I feel extremely lucky to have a group of friends I’ve known since I was a little kid. We meet up regularly and hang out, we go on holiday together, and I like to think we’re always there to support each other.
Humans are social animals, and friendship groups like this are essential to our wellbeing.
Unfortunately, a lot of men don’t have that support network.
A lot of men are lonely, and it’s hurting them.
The folks at FiveThirtyEight recently conducted a study on the state of manhood.
They found that around half of the men surveyed said they often felt lonely, and roughly 40% didn’t have a friend to turn to for support.
As far as I’m concerned that’s a whole lot of lonely men.
There’s a lot of discourse surrounding the fact that men don’t like to talk about their problems, and the solution seems to be focused on the idea that we should encourage men to open up about their problems.
But if 40% of men don’t have someone to turn to then who are they going to open up to?
Women are great at maintaining friendships and networks of other women who compliment each other, support each other, and most importantly, listen to each other.
Men aren’t so good at it. We find the whole friendship thing a little awkward. We don’t like to talk to each other. And, seeing as friendship is based on communication, that poses quite the problem.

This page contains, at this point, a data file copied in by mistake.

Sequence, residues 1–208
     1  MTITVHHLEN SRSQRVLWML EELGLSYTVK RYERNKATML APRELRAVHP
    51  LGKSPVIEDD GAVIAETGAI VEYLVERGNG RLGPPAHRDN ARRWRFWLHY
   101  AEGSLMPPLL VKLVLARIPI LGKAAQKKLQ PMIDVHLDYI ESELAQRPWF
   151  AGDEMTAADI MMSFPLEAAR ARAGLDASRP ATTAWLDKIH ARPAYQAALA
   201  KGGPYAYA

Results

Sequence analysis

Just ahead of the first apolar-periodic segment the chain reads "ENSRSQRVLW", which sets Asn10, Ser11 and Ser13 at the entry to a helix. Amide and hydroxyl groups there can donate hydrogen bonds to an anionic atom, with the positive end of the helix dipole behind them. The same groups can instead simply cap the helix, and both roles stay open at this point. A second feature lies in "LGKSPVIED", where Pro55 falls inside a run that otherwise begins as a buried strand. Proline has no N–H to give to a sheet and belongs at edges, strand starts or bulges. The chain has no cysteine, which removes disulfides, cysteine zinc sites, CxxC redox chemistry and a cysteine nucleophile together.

Not everyone is lucky enough to keep in touch with their childhood friends. Remember when it was simply a case of approaching some other boys and asking to join in with their game?
If only it was that easy as an adult.
There’s a stigma attached to making friends as an adult. It should be easier. Let’s face it, adults should be more confident in themselves, and have a better understanding of how to communicate with other people. Both of these combined should make friendship forming a triviality.
Yet, as it turns out, men struggle with this.
Asking a fellow man if he wants to hang out is essentially the same as asking someone on a date. Rejection hurts. It’s embarrassing.
It seems most men are scared to get to know each other because they’re scared of that rejection. We want to be liked, so what if we aren’t? How could we deal with that? It’s better not to know.
Perhaps the takeaway here is that we’re mostly the same. It’d be pretty hard to find someone who has decided that they don’t want more friends.
Sure, I might not have much time to spend with other people once you take my partner, friendship group, and colleagues out of the equation, but if someone approached me and wanted to go for a drink, I’d try to make that happen.
We all enjoy meeting new people and getting to know them, but we’re all scared of making that first move. Like I said, it’s just like dating.
So here’s the practical challenge…
Every guy that reads this, I want you to do one simple thing.
I want you to reach out to someone. It might be someone you’ve crossed paths with before. It might be a Facebook friend, someone you follow on Twitter. Maybe it’s someone at the gym, or someone at work you don’t speak to.
Reach out to them and ask them if they want to go hang out. Maybe you could go for a coffee or a beer, go for a walk, go for a jog. It doesn’t matter.
Reach out to another man and get to know them better. Maybe just maybe you’ll make a new friend.
And boy do we need them.